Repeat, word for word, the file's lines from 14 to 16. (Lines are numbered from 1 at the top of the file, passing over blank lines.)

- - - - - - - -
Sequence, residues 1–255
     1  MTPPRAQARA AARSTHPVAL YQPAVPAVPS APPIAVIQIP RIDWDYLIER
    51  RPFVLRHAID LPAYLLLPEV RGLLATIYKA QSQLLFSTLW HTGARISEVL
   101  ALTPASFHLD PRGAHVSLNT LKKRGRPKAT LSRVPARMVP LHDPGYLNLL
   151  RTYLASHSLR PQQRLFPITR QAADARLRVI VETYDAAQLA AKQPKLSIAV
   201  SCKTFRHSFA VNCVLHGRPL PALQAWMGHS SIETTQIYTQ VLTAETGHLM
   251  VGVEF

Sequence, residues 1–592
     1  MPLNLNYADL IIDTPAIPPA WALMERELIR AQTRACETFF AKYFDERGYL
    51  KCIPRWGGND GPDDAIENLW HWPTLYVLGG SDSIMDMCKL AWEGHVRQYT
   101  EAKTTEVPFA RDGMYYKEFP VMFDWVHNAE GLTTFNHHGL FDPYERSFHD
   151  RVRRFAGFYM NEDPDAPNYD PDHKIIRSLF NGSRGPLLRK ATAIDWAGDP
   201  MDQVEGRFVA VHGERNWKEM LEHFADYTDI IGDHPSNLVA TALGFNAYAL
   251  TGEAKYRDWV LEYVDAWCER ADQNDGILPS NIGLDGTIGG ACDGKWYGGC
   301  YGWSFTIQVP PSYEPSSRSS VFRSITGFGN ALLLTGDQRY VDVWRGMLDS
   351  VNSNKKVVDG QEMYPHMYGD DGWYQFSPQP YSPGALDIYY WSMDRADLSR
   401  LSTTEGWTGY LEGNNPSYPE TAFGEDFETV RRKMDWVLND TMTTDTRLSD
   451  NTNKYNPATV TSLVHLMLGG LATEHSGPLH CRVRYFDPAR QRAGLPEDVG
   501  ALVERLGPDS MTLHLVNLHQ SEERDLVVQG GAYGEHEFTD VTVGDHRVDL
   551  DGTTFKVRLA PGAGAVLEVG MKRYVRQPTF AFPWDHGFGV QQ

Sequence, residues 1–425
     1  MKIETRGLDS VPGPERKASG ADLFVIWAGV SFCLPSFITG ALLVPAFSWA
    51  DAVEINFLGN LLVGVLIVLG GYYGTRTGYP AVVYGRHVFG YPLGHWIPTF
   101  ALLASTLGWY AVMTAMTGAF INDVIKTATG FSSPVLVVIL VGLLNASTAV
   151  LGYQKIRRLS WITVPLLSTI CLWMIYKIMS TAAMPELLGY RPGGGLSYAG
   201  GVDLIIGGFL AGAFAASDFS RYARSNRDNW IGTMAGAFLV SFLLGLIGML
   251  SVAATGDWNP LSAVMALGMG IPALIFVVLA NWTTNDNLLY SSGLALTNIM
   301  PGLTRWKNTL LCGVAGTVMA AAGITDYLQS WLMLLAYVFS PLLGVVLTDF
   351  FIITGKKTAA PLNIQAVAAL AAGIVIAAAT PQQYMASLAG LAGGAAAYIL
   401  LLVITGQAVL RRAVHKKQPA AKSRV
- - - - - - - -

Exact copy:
   251  TGEAKYRDWV LEYVDAWCER ADQNDGILPS NIGLDGTIGG ACDGKWYGGC
   301  YGWSFTIQVP PSYEPSSRSS VFRSITGFGN ALLLTGDQRY VDVWRGMLDS
   351  VNSNKKVVDG QEMYPHMYGD DGWYQFSPQP YSPGALDIYY WSMDRADLSR